Jikir Songs, Assamese Folk Music - Informative & researched article on Jikir Songs, Assamese Folk Music
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Jikir Songs, Assamese Folk Music
Jikir songs are religious folk songs from the state of Assam, steeped in spiritual devotion and fervour. They are quite similar to Sufist ideals.
 Jikir Songs, Assamese Folk MusicJikir songs are certain religion-based folk songs popular in the Assam state of India. Zikir songs embody the teaching of Islam and were prevalent among the Muslims of Assam. The Jikir songs are in a sense an Islamic counterpart of Dehbicarar Geets.

Meaning of Zikir
The word Zikir, derived from Arabic "Ziqr", literary means singing or remembering Allah's name or "spiritual chants".

History of Jikir Songs
These songs were mainly composed and popularized during the reign of Gadadhar Singha (1681-96) by the 17th century Sufi saint and poet Hazrat Shah Miran, popularly known as Ajan Fakir. Ajan Fakir came to Assam from Bagdad and settled in Suwaguri Sapori, near present Sibsagar town of Assam in the north-eastern part of India. In this journey, he was accompanied by his brother Shah Navi. As per legend, the poet received the name "Ajan Fakir" or "Ajan Pir" because he was the one who taught the Assamese Muslim to recite "Azan" as its part of Muslim ritual. Although, Islam does not promote music and dance for entertainment, from the religious perspective there is no restriction as such. Ajan Pir and his disciples, known as "Bhakat" in Assamese, practiced Zikir, dancing and singing with hand clapping like folk performance.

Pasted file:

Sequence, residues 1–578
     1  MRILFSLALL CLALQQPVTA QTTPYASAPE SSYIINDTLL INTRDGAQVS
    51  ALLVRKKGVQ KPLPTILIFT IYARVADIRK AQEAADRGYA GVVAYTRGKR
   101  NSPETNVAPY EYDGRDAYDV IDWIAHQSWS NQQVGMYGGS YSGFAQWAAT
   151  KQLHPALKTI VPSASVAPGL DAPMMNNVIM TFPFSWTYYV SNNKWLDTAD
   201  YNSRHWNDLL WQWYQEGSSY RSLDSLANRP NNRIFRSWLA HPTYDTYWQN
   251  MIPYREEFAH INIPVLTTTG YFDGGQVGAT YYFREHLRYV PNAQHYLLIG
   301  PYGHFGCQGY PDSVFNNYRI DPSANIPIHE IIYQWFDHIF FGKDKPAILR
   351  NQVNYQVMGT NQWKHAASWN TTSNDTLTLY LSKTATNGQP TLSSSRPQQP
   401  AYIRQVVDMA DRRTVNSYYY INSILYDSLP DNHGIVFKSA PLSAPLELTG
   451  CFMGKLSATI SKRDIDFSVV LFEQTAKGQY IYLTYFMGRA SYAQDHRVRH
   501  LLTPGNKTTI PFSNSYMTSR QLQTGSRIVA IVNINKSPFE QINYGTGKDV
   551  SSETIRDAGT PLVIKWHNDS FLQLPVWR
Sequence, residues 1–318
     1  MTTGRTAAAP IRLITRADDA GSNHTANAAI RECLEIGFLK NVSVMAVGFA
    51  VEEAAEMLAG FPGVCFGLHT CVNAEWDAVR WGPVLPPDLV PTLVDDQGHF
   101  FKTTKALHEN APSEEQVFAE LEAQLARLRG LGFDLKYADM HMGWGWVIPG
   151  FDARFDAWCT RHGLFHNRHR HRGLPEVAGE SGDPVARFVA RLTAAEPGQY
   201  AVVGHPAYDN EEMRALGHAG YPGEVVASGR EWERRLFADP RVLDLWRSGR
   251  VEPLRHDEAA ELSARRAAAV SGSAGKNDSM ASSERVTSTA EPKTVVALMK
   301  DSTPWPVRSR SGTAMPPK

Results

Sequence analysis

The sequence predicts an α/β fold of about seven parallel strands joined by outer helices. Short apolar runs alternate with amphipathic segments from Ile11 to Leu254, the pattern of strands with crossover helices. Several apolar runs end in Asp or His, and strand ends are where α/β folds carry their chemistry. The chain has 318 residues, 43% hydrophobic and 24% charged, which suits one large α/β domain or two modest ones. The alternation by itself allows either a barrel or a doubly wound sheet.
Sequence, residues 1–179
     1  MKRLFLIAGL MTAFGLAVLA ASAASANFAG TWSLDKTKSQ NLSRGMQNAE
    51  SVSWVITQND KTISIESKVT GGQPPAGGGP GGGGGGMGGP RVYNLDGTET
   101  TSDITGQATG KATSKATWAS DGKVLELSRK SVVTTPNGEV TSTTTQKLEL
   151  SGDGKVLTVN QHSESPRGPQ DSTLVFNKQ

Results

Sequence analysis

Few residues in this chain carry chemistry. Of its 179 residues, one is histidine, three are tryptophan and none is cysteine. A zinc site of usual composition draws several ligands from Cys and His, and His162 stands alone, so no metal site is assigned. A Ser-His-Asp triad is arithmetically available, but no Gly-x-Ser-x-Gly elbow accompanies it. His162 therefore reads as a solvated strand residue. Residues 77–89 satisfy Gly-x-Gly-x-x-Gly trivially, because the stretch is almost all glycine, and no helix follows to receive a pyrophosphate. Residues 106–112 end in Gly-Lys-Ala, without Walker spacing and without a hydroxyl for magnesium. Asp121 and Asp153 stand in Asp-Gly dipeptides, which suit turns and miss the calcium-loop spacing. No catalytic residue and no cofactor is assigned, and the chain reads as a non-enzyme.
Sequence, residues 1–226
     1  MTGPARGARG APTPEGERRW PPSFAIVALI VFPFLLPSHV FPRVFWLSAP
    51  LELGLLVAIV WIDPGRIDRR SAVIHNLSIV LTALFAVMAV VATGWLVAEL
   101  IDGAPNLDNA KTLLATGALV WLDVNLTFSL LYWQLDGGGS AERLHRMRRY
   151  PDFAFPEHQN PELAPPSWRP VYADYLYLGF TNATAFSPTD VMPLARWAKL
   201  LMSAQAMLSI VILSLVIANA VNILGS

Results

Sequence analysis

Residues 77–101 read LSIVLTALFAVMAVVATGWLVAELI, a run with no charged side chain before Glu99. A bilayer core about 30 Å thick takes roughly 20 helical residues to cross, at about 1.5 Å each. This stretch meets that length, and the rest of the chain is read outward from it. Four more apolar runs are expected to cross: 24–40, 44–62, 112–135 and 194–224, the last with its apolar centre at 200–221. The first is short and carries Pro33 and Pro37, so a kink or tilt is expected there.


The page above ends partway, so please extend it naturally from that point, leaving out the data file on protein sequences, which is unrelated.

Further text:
Content of Jikir Songs
The central idea of the futility of life and man-made institutions forms the content of all the Jikir compositions. Except a few words of Arabic and Persian origin interspersed in the texture of the songs, their diction, syntax and language are almost of a similar nature. Even the Vaishnava concept of Nama appears to be the spiritual inspiration of these Jikir songs to a certain extent:

'nama is the charioteer that goes with life. I have read Him and Kalma too, Everything slips, and slips by; What is written in one's destiny, There is no escape from it. '

Through most of these Jikirs, the idea of illusion, resignation to Allah and an overpowering desire to lose one's identity with Him runs in the way of the doctrines of Sufism. It must be noted here that Sufism and Vaishnavism have many common features. Thus, the Jikirs reflect the idea of Sufism.

(Last Updated on : 07/05/2014)
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